Advanced Maternal Age and Risk of Intrauterine Fetal Death

September 13, 2007

SMFM 27th Annual Meeting 2007

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read the abstract:  Advanced Maternal Age (AMA) Is An Independent Predictor Of Intrauterine Fetal Death At Term


Alix Boyle: Hi, this is Alix Boyle reporting for We are here at the SMFM meeting in San Francisco, 2007, and today we are speaking with Dr. Ozan Bahtiyar from Yale University. Tell us about your research.

Ozan Bahtiyar, MD: What we wanted to look at was we have a large data-set from the CDC and we wanted to investigate the effect of the advanced maternal age and its relation to intra-uterine fetal death. So we restricted our study to singleton gestations and we tried to limit our study as best we could by eliminating the fetuses with congenital abnormalities and mothers with medical problems in the past. So we ended up with approximately 6 million deliveries without any complications during their pregnancy. We looked at the intra-uterine fetal death rates in those mothers. We stratified the patients in five year age groups, between 15 and 44 years old, meaning 15 to 19, 20 to 24 and up to 44. Then we showed that there is a significant increase in the intra-uterine fetal death with advancing maternal age and that risk is almost three times higher in mothers age 40 and up. Then after this, we also attempted for the first time to show how much antenatal testing would be required to identify the pregnancies at risk. Our assumptions were that antenatal testing would find these patients at risk so that we would be able to decrease the risk of intra-uterine death to the baseline, which is the 25 to 29 years old group. We calculated that for mothers aged 40 and up, approximately 490 antenatal testing is required between 38 and 40 weeks gestation. The reason we chose to use the 38 weeks gestation is there are no clear indications or guidelines by the American College of OB/GYN regarding antenatal testing. They recommend testing for some medical conditions and abnormal past history; however, they uniformly recommend it and in practice in the United States, it is uniformly recommended that after 41 weeks of pregnancy, patients start to have antenatal testing. So when we looked at our data, we saw that the mothers aged 40 and higher at 38 weeks, their risk was equal to younger mothers at 41 weeks. The data spoke to itself that it was warranted to test the mothers starting from 38 weeks and up until term.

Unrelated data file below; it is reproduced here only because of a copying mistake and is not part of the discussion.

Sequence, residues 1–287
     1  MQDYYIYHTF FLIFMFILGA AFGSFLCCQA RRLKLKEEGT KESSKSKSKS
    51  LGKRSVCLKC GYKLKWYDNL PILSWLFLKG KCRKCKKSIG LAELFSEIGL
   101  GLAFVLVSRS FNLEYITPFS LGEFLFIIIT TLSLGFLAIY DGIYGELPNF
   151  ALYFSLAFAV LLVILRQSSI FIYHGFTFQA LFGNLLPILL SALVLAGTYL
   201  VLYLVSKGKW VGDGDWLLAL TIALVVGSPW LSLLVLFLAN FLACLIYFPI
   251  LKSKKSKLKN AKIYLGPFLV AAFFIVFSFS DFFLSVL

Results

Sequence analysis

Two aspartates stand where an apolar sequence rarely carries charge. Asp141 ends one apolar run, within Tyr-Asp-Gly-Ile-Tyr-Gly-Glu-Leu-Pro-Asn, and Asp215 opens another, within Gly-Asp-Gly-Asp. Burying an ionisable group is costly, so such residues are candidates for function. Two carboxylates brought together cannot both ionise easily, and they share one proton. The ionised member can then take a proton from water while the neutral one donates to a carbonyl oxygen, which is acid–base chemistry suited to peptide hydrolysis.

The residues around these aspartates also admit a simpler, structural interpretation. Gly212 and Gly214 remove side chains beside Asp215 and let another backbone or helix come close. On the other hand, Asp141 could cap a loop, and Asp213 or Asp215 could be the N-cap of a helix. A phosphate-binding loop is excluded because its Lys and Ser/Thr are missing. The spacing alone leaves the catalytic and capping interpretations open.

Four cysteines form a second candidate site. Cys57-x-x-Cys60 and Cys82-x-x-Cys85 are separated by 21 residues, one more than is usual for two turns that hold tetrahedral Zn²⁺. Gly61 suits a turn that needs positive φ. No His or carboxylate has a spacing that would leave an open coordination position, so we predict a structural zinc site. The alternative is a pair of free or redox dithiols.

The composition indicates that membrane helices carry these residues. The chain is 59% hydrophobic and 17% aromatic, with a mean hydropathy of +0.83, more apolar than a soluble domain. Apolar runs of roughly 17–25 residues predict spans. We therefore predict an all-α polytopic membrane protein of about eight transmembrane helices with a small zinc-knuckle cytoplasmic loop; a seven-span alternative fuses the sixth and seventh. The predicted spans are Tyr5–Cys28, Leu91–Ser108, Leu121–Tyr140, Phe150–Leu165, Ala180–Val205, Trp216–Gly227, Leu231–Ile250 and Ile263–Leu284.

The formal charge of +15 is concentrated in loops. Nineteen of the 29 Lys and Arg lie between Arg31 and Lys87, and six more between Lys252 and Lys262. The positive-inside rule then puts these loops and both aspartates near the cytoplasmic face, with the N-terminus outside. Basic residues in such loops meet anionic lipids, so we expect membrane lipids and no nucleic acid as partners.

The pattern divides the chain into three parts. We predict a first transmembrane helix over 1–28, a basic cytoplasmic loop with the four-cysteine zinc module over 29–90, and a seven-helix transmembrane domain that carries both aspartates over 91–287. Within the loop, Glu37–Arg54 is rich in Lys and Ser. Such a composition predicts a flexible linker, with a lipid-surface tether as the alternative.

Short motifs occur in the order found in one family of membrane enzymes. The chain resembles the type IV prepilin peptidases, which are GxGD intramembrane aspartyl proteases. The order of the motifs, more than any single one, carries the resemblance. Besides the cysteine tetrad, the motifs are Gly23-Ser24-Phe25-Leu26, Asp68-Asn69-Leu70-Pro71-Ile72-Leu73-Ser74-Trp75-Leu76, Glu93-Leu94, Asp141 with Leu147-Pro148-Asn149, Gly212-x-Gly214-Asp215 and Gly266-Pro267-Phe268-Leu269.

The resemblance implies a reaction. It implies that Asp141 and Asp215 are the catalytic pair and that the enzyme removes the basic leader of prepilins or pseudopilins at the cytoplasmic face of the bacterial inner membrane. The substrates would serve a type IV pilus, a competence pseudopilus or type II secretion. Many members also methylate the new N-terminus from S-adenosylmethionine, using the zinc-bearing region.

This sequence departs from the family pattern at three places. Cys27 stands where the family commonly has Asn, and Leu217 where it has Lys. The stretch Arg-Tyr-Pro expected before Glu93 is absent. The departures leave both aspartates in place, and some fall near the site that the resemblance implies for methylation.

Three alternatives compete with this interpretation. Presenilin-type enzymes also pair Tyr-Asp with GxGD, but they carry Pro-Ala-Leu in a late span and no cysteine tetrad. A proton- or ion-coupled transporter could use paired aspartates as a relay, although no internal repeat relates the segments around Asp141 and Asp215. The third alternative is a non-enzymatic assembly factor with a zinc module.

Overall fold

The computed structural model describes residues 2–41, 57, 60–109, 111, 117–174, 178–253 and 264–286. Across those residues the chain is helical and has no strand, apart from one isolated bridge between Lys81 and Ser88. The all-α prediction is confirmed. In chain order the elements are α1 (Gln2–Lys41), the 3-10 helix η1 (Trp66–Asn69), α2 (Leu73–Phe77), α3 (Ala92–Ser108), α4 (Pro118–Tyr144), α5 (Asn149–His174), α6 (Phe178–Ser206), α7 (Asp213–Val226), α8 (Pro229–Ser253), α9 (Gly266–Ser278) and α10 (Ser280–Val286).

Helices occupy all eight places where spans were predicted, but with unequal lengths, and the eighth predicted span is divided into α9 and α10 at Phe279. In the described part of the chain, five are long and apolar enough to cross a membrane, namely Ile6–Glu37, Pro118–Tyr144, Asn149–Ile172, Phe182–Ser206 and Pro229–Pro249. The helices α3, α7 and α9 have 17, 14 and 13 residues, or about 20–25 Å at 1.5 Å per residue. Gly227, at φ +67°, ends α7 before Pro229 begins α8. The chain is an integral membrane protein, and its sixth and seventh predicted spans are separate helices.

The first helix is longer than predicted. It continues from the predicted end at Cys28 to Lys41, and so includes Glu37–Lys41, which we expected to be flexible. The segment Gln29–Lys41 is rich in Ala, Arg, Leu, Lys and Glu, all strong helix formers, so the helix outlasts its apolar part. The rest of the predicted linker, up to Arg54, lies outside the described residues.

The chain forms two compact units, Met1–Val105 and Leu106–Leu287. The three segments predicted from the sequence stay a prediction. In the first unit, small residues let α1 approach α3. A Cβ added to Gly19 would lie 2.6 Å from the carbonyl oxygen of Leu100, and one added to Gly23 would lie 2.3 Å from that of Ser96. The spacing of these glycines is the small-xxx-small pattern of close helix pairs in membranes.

Alix Boyle: So those were your results, that you would test mothers earlier in pregnancy?

Ozan Bahtiyar, MD: Correct. Our results, again, showed that mothers aged between 40 and 44 are at a higher risk for intra-uterine fetal death. The risk is approximately three times higher than the baseline and their risk reaches to a very critical point earlier in gestation, approximately 38 weeks of gestation. The third result was that the number of tests needed was only 494 as compared to the 1,700 for mothers between 35 and 39 years old. So technically, it is possible to have this much testing in screening without any significant burden on the system.

Alix Boyle: What does this mean in the future for the treatment of older mothers?

Ozan Bahtiyar, MD: If a mother who is older than 40 years of age without any medical complications, they would normally have routine perinatal care. However, our data would put them in a slightly different place. What our data shows is that mothers who are of advanced maternal age should probably be monitored closely and the antenatal testing should be started earlier in pregnancy. However, this definitely does not take the place of perinatal visits and monitoring, things like that.

Alix Boyle: Okay. Thank you, Dr Bahtiyar.

Ozan Bahtiyar, MD: Thank you.